• Andersson, E., and M. Masutani, 2010: Collaboration on observing system simulation experiments (Joint OSSE). ECMWF Newsletter, No. 123, ECMWF, Reading, United Kingdom, 14–16, www.ecmwf.int/sites/default/files/elibrary/2010/17464-collaboration-observing-system-simulation-experiments-joint-osse.pdf.

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  • Becker, B., H. Roquet, and A. Stoffelen, 1996: A simulated future atmospheric observation database including ATOVS, ASCAT, and DWL. Bull. Amer. Meteor. Soc., 10, 22792294, https://doi.org/10.1175/1520-0477(1996)077<2279:ASFAOD>2.0.CO;2.

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    • Search Google Scholar
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  • Errico, R. M., and N. C. Privé, 2018: Some general and fundamental requirements for designing observing system simulation experiments (OSSEs). WMO Rep. WWRP 2018- 8, 33 pp., https://community.wmo.int/wwrp-publications.

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  • Gelaro, R., and Coauthors, 2015: Evaluation of the 7-km GEOS-5 nature run. NASA Tech. Memo. NASA/TM-2014-104606, Vol. 36, 285 pp., https://gmao.gsfc.nasa.gov/pubs/docs/Gelaro736.pdf.

    • Search Google Scholar
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  • Hoffman, R. N., S. Malardel, and T. Peevey, 2019: New 14-month forecast available for research. ECMWF Newsletter, No. 158, ECMWF, Reading, United Kingdom, 12–13, www.ecmwf.int/en/newsletter/158/news/new-14-month-forecast-available-research.

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  • Privé, N. C., and R. M. Errico, 2016: Temporal and spatial interpolation errors of high-resolution modeled atmospheric fields. J. Atmos. Oceanic Technol., 33, 303311, https://doi.org/10.1175/JTECH-D-15-0132.1.

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  • Zeng, X., and Coauthors, 2020: Use of observing system simulation experiments in the U.S. Bull. Amer. Meteor. Soc., 101, E1427E1438, https://doi.org/10.1175/BAMS-D-19-0155.1.

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Comment on “Use of Observing System Simulation Experiments in the United States”

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  • 1 Goddard Earth Sciences Technology and Research, Morgan State University, Greenbelt, Maryland
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© 2021 American Meteorological Society. For information regarding reuse of this content and general copyright information, consult the AMS Copyright Policy (www.ametsoc.org/PUBSReuseLicenses).

Corresponding author: N. C. Privé, nprive@alum.mit.edu

© 2021 American Meteorological Society. For information regarding reuse of this content and general copyright information, consult the AMS Copyright Policy (www.ametsoc.org/PUBSReuseLicenses).

Corresponding author: N. C. Privé, nprive@alum.mit.edu

Observing system simulation experiments (OSSEs) for numerical weather prediction (NWP) use an entirely simulated framework to explore the impact of new observational data on analysis quality and forecast skill. The basis of an OSSE is a nature run (NR), usually a free forecast of a high-resolution NWP model that may be multiple years in length. The NR replaces the real atmosphere (and/or ocean) for the purposes of the OSSE, and as such should be as realistic as possible. Simulated observations are drawn from the NR fields, so the NR should ideally have accurate representations of all those fields that affect real observations, including clouds, moisture, temperatures, winds, and surface characteristics. Additionally, the NR fields are used as the “truth” for verification of the experiment analyses and forecasts. It is best practice for the NR to have higher resolution and more sophisticated physics than the model used for ingesting simulated observations and performing experiments in the OSSE framework. Since the experiments are often performed with operational versions of NWP models, NRs are frequently produced using the highest resolution under development. NRs and other critical issues in OSSE development and application are presented in a white paper on the subject (Errico and Privé 2018) prepared for the World Meteorological Organization.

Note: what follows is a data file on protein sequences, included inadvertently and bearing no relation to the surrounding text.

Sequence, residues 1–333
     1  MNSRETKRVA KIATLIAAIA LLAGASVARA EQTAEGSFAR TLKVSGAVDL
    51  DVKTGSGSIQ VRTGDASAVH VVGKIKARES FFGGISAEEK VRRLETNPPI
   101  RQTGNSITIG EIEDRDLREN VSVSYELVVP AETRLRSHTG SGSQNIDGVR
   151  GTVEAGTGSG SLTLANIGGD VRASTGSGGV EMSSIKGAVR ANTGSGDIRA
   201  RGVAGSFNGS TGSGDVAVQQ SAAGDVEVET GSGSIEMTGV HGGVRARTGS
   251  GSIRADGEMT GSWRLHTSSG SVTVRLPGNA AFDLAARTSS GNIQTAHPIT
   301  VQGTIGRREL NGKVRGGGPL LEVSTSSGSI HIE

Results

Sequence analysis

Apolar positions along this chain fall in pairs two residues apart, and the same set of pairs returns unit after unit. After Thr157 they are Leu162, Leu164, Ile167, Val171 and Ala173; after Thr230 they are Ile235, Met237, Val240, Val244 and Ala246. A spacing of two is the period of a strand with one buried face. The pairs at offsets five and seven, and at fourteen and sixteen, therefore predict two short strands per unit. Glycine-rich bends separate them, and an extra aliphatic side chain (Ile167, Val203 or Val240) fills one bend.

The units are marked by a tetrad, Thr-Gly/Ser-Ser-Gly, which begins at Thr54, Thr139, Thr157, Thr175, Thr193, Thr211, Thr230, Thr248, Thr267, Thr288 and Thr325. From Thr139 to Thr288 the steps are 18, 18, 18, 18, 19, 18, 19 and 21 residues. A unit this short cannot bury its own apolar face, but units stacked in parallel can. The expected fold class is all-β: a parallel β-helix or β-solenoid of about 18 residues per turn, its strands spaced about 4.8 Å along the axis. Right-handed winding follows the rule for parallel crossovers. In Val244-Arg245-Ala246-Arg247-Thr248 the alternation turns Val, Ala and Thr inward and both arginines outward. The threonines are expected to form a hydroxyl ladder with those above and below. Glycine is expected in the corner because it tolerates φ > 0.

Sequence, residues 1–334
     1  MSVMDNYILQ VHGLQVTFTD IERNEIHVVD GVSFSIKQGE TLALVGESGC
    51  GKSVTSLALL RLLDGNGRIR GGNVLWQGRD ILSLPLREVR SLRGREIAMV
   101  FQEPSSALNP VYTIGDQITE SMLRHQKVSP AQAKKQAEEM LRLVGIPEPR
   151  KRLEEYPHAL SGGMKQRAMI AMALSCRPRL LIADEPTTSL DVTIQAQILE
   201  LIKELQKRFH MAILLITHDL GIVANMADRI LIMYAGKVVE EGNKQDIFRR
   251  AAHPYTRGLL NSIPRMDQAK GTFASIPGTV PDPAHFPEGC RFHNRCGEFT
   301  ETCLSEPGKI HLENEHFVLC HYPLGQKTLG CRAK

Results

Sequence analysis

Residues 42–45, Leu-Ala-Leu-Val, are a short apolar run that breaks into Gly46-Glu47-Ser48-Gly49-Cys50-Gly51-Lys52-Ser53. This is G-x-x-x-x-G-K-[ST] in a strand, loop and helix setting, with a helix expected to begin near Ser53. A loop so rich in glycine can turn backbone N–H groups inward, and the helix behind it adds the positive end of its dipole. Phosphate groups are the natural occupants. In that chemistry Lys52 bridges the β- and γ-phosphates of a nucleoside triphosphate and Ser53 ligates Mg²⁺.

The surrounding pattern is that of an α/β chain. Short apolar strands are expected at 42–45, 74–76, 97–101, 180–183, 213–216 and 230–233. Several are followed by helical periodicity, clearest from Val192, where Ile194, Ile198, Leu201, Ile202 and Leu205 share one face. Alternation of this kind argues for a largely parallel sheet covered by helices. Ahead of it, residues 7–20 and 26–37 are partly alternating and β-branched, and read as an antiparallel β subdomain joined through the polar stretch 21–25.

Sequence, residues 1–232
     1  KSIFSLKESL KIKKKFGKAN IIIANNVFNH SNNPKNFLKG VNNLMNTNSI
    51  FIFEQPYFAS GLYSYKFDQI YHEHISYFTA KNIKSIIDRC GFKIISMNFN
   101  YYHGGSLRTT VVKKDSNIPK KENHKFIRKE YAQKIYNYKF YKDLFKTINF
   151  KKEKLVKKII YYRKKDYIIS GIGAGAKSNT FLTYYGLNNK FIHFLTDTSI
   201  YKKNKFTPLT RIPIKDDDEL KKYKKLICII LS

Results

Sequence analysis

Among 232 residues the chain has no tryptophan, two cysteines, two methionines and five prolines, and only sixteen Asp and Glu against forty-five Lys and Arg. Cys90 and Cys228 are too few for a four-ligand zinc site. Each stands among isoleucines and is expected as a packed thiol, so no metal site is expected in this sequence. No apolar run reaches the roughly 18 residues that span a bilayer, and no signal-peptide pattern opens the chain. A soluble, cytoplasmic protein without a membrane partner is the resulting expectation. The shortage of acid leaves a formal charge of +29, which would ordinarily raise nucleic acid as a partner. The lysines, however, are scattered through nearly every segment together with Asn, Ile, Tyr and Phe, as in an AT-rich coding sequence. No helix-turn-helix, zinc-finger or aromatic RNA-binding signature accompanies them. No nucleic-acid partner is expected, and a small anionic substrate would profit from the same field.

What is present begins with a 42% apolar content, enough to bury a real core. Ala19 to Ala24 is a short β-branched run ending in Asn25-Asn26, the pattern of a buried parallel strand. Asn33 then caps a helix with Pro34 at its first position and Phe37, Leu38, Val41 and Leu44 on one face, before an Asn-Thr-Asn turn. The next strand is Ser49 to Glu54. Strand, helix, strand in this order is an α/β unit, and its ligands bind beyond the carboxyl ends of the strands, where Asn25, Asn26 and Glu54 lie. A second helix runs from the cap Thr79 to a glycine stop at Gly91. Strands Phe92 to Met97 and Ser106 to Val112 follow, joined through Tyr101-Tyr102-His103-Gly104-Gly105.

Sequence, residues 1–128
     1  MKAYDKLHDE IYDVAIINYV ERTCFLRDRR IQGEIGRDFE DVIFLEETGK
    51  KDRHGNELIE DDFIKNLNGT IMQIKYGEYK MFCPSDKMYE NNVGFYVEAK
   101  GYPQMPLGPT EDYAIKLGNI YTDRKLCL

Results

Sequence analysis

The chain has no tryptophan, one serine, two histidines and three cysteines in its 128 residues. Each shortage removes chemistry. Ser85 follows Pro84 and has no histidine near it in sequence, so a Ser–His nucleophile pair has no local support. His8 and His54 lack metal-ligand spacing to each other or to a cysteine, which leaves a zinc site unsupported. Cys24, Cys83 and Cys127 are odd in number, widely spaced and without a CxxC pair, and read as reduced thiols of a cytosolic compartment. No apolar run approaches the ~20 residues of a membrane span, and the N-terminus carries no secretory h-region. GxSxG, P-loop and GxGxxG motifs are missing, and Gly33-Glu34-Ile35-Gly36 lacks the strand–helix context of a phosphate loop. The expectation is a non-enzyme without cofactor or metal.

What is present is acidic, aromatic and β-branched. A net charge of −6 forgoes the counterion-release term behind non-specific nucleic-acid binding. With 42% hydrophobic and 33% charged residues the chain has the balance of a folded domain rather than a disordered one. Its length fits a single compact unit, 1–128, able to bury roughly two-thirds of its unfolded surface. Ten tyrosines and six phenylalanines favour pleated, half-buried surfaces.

As operational models and data assimilation systems for NWP are frequently upgraded, there is a need for NRs to undergo similar advancement. The production of a new global NR requires substantial resources for computation and storage. The new NR must also be validated for use in OSSEs, and existing OSSE software must be updated to make best use of the NR. Because of the large investment in resources and effort needed to produce a new NR, large global NRs are often shared between institutions, with new NRs introduced every 5–10 years. Recent examples include the T213 (0.5625°) ECMWF NR (Becker et al. 1996), the T511 (0.351°) NR produced by ECMWF in 2006 (Andersson and Masutani 2010), the C1440 (0.0625°) GEOS-5 NR (G5NR) from GSFC/NASA in 2014 (Gelaro et al. 2015), and the O1280 (0.07°) ECMWF NR in 2018 (Hoffman et al. 2019). These NRs have each been processed by an individual institution and then provided to the community as a set of output files containing state variables at some temporal frequency. These output files are the basis of simulated observations for the OSSEs, and are also used for verification of OSSE analyses and forecasts.

In a recent essay on the use of OSSEs in the United States, Zeng et al. (2020) list as one of their recommendations that “global nature runs based on Earth system models (at 5 km grid spacing, preferably 3 km, and possibly 1 km) should be developed as the basis for a variety of OSSEs for exploring observation impacts over many different regional domains across the globe. This may require access to high-performance computers or partnerships among agencies.” The drive for increased resolution of future global NRs raises issues with the feasibility of microscale simulations and presents challenges that deserve further elaboration, especially as a modified approach will likely be required compared to past community NRs. Here, some of the challenges of producing and working with high-resolution global NR fields are addressed, as well as how this may affect the larger NWP OSSE community in the future.

The simulated observations are generally made by spatiotemporal interpolation of the NR fields, and interpolation between fields that are widely spaced in time may result in unphysical structures for features that are undergoing translation or deformation. If only infrequent temporal output is available, the effective spatial resolution of the NR will be substantially lowered (Privé and Errico 2016). Therefore, as the NR increases in horizontal and vertical resolution, the temporal frequency of output must also increase. For a 5 km horizontal resolution global NR, 10 min output frequency may be desired, with 5 min or shorter frequency for 1–2 km resolution NRs. This results in a very large burden in terms of production, storage, and handling of NR output. Using the NASA G5NR as a guideline, a similar 2-year-long NR with 140 vertical levels, 2 km horizontal resolution, and 5 min output would be approximately 400 PB in total size.